2022-23 stats: 28 games, 8.3 points, 2.4 rebounds, 1.0 assists, 0.8 steals, 42.1% FG, 42.9% 3P

An ACC coach: “He looks every bit of the part. Shot it very well, especially against higher level competition. Duke was 9-4 when he made two or more threes in games. He moved well and presented problems for talented offensive players with his length and athleticism. He has a great feel for the game. We had to box out or have contact on the glass every time; he moved so well without the ball. No open looks; make him take contested jump shots.”

Other potential first-rounders

G Nick Smith, Arkansas

An SEC coach: “He’s a volume guy, aggressive scorer, so you know he can get hot. Didn’t think he was able to really do any one thing, but he was solid at a lot. His thing is he is a shot maker, and that scares you. We tried to force him to shoot long twos, keep him in front of us, and didn’t long close out. He’ll take a tough shot. Didn’t see him make a lot of reads. He was just ok against us.”

An SEC coach: “He has some wiggle, and he wants to use that to get to his spots. He’s talented. His skill is mostly scoring. Didn’t think he looked to make anyone better, didn’t finish at the rim well. We made him play in crowds and play him in gaps. He didn’t get loose on us.”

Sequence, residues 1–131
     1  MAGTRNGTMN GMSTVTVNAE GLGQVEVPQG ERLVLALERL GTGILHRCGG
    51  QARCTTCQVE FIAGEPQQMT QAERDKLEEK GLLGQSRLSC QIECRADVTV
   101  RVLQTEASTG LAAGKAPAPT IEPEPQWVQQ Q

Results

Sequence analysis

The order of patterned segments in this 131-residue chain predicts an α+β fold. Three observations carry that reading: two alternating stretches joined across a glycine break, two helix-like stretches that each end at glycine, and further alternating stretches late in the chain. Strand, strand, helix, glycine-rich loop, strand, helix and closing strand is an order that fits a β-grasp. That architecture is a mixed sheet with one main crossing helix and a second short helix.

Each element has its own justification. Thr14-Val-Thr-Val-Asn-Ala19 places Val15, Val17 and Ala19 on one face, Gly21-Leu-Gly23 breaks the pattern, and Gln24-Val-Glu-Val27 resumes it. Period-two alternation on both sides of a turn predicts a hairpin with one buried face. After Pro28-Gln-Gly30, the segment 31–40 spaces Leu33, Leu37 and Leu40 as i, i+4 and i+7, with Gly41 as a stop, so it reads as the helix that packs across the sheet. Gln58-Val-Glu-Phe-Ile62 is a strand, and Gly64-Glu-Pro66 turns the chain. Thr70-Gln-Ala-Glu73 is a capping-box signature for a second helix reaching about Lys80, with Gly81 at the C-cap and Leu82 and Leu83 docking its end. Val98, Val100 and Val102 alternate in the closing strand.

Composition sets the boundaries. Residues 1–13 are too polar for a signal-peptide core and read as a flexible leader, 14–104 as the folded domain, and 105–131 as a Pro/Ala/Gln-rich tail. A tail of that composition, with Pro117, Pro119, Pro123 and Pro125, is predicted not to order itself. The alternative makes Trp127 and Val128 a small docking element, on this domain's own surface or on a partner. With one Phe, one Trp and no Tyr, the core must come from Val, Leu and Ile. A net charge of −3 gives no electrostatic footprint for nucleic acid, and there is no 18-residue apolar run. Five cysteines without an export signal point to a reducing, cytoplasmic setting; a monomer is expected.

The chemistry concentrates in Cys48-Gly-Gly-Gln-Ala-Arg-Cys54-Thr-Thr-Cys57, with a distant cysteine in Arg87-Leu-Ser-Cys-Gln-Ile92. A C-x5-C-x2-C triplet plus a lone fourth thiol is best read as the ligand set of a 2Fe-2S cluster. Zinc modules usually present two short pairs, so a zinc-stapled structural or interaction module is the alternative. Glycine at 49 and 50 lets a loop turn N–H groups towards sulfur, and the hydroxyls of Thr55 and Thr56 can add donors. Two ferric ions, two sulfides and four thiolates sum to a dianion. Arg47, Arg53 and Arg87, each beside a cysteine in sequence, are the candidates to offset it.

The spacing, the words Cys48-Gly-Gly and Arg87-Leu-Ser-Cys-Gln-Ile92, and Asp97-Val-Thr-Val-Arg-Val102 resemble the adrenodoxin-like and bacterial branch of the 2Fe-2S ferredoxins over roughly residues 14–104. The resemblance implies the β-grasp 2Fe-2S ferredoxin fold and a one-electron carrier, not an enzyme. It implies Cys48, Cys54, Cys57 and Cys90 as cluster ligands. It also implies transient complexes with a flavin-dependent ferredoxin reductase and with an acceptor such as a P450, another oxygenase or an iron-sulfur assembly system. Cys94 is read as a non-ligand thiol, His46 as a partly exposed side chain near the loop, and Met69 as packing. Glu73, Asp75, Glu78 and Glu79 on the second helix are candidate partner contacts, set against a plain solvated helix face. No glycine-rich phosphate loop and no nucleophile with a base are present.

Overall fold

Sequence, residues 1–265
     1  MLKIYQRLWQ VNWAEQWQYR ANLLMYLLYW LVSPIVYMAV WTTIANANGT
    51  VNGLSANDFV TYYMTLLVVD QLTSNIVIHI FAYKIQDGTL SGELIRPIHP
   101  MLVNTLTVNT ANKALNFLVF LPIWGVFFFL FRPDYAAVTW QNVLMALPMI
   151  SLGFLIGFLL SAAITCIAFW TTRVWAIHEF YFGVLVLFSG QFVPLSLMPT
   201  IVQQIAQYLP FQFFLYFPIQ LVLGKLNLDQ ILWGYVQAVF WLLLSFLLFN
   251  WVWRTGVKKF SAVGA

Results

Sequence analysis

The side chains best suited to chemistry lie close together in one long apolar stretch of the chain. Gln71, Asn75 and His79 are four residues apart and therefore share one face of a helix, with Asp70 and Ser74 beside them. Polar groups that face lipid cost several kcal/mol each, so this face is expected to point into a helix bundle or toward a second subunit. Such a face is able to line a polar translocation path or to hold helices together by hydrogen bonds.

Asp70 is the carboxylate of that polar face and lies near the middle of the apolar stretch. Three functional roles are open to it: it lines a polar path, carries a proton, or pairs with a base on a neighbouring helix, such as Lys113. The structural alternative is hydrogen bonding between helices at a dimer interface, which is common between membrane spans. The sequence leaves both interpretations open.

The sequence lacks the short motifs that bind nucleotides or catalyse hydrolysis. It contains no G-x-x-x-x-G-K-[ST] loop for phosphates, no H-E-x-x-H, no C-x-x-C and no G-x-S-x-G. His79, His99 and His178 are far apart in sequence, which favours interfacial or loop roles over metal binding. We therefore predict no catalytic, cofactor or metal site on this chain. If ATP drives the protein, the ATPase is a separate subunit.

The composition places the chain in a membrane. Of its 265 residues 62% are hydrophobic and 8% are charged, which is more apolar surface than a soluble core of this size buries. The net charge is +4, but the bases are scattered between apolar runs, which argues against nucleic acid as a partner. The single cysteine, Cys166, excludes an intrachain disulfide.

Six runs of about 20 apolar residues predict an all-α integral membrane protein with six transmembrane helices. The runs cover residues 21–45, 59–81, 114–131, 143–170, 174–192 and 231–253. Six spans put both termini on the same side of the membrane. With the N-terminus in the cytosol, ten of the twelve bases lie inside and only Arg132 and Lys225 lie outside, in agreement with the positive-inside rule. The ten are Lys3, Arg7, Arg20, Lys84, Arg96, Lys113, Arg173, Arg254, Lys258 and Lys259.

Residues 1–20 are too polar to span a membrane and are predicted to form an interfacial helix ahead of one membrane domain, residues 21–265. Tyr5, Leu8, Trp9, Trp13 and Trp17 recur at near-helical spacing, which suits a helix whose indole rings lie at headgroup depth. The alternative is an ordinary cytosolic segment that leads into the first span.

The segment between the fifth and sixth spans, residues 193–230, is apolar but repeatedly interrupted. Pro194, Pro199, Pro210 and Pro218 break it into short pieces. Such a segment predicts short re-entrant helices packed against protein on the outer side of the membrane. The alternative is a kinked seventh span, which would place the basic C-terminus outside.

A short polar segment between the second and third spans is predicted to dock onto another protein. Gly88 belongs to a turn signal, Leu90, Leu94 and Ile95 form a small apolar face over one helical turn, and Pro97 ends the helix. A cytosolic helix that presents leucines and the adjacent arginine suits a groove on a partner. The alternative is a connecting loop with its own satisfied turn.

F Jett Howard, Michigan

A Big 10 coach: “When it comes to Jett, great size, and he is a high-level shooter. Dangerous from anywhere on the floor, especially in transition. You had to find him early. I thought his dribbling needed improvement, and I’m not overly confident that he can go create a spot off the bounce in space in the NBA yet. Didn’t look to create for others. He had the ultimate green light.”

G Brandin Podziemski, Santa Clara

A WCC coach: “You have to have a hand in his face right away because of his shot-making ability. Told my guys we have to be able to touch him; if you’re not able to touch him, you’re not guarding him. He has to feel contact at all times, especially in ball screens. If you do a bad job trying to fight over the screen and lose contact with him, he is going to rise up and make a three. Does a great job using shot fakes and jab steps. Have to be disciplined in guarding him. Guys off the ball have to really be in their gaps to discourage him from driving.”

G Amari Bailey, UCLA

A Pac 12 coach: “He’s a much better athlete than you realize. You don’t really see that on film, but in person, watching him live, yes. He is bigger and stronger than you think. He can make open shots and knows how to play off his jump shot, shot fakes, pump fakes, etc. Quicker first step than you think. He made plays in big moments. Nothing about his game really popped, but whenever they needed something to happen, he would make the play, whether it was an offensive rebound, a jump shot, or a dive on the floor for the loose ball. He would make winning plays throughout the course of a game.”

C Noah Clowney, Alabama

An SEC coach: “He’s good. A lot of tools and bigger than you think, more athletic than you think. He competes. A better shooter than you think. He is just scratching the surface of what he could be. There is so much there. Plays with a chip on his shoulder. He doesn’t post up. Doesn’t do much on the block or in the mid-post. Charles Bediako protected him well; he didn’t have to do much to protect the rim. I’m not sure how well he moves laterally, he didn’t move great against us, but their defensive scheme kept him from having to do it much. I believe in the potential.”